test tampering

Cheating allegations rise under de Blasio, continuing a Bloomberg-era trend

PHOTO: Alan Petersime

Allegations of test-tampering and grade-changing by educators this year are on a pace to exceed the number of complaints made in 2014, continuing a rise in such allegations that began during the previous administration and has persisted under Mayor Bill de Blasio.

The allegations come as New York City has scrambled to respond to a string of reports this year involving academic fraud and grade inflation, such as a high school that let students earn credits without receiving instruction and an elementary school principal who forged student answers on a state exam. Last month, the education department established a $5 million task force to closely monitor schools’ test scores and how they assign credits.

The rise in complaints does not automatically signal a rise in misconduct; it could also indicate that staffers are making greater use of an anonymous email complaint system, for instance. Still, the growing number of allegations suggests that some teachers and principals continue to feel intense pressure to show test score, pass rate, and graduation rate gains, even as de Blasio has tried to de-emphasize those numbers as the primary measures of schools’ success.

“Habits are stronger than words until someone comes in and says you can’t do that anymore,” said Lehman High School math teacher Jeffrey Greenberg, explaining that de Blasio’s rhetorical shifts did not translate into different grading policies or credit-assigning practices at his school last year.

Data: Office of the Special Commissioner of Investigation, Credit: Sarah Glen/Chalkbeat

By early August, more than 300 complaints that fall into the category of educator test-tampering or grade-changing had been filed with the office of the Special Commissioner of Investigation, an independent office that handles adult misconduct charges in the school system. That is the same number of such complaints made during all of 2014, making it very likely that this year’s total will be higher.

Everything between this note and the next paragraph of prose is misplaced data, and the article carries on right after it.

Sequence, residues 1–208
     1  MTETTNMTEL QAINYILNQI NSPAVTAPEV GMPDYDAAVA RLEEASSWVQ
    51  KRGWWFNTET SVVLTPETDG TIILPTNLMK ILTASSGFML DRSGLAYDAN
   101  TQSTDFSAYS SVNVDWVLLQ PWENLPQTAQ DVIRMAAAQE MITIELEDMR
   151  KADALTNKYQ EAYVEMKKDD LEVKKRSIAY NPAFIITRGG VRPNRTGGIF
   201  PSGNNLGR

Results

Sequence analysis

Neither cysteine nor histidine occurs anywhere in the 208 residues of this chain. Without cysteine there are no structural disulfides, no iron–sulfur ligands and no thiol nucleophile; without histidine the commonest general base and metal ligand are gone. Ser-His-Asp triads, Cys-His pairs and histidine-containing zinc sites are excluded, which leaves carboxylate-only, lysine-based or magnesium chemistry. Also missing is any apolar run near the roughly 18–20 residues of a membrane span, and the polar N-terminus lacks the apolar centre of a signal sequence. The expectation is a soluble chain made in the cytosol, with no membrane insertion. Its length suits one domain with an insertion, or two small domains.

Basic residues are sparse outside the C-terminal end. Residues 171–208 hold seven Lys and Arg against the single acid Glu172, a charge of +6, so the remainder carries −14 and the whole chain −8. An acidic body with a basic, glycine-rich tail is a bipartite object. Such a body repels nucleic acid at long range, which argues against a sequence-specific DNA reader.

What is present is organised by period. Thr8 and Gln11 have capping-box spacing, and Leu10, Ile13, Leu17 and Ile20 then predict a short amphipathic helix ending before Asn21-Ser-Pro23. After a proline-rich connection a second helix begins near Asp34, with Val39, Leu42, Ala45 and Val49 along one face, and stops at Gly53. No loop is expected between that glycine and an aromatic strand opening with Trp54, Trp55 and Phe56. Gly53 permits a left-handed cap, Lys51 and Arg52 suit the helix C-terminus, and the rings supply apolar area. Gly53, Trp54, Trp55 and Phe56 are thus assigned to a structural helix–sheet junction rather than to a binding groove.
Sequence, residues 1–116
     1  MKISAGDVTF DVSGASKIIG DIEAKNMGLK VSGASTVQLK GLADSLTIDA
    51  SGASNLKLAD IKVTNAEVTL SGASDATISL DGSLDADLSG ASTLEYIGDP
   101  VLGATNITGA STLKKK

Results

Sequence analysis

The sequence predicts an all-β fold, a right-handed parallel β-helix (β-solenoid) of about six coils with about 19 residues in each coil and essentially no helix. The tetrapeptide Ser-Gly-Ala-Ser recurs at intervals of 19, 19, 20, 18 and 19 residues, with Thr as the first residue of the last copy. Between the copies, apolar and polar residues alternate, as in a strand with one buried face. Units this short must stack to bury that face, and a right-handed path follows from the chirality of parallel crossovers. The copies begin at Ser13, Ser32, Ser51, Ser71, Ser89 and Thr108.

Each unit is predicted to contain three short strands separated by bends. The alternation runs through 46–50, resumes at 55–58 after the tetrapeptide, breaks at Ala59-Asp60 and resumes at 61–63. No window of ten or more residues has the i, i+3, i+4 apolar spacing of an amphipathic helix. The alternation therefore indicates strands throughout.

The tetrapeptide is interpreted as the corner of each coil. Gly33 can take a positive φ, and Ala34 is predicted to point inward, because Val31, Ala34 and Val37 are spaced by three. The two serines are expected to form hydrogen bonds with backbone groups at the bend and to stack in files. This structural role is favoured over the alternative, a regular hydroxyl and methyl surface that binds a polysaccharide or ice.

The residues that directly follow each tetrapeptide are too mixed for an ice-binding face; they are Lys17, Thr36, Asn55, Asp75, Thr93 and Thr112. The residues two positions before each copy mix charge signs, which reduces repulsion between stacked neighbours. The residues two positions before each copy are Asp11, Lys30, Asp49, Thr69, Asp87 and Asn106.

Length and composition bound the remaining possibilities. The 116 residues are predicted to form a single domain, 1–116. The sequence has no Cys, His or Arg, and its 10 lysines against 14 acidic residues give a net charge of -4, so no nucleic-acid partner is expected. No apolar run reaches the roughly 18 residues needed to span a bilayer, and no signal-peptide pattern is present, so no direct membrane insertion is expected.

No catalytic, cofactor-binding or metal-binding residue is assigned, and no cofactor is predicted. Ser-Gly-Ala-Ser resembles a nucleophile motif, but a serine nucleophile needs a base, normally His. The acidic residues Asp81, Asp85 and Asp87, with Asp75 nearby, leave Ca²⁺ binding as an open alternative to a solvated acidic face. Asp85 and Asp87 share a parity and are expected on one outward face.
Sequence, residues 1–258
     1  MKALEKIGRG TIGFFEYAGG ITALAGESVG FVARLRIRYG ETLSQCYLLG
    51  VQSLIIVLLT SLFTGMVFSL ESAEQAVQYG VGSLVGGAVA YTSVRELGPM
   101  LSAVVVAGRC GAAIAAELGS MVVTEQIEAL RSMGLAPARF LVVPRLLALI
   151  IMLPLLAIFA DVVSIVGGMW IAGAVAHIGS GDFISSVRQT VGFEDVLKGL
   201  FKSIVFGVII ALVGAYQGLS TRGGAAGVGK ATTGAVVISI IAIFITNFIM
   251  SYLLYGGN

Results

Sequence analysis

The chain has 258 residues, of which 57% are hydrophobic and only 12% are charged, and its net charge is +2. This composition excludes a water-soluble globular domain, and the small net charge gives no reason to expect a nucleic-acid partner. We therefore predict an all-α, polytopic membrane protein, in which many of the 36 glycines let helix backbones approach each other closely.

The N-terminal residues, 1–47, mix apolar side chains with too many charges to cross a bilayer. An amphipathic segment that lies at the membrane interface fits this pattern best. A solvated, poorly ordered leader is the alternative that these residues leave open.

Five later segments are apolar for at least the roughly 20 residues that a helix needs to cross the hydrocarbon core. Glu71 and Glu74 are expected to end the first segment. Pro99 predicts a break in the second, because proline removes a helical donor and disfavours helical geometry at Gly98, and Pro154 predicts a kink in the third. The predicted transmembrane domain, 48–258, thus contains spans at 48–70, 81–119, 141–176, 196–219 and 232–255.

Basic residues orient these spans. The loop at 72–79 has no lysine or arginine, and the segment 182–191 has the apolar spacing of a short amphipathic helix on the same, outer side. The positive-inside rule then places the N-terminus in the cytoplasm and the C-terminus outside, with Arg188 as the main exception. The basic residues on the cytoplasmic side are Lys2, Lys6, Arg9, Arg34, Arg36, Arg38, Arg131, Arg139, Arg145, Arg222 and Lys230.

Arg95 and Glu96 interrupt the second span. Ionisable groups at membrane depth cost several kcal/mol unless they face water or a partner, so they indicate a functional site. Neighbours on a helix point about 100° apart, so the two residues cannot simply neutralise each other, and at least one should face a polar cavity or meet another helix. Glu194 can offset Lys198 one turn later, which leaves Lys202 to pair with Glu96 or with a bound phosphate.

Last year’s allegations already exceeded the number from 2013, continuing a trend that began under former Mayor Michael Bloomberg. Under Bloomberg, who rated and closed some schools largely on the basis of test scores and graduation rates, the number of educator cheating allegations more than tripled, according to a 2011 New York Times analysis.

De Blasio scrapped his predecessor’s A-to-F school ratings and launched a program to revamp rather than close low-performing schools. However, those schools still could face closure or state takeover if they do not show academic gains within a short period. And despite de Blasio’s ambivalence about test scores, they may soon play a larger role in teacher evaluations under a new state law pushed by Gov. Andrew Cuomo.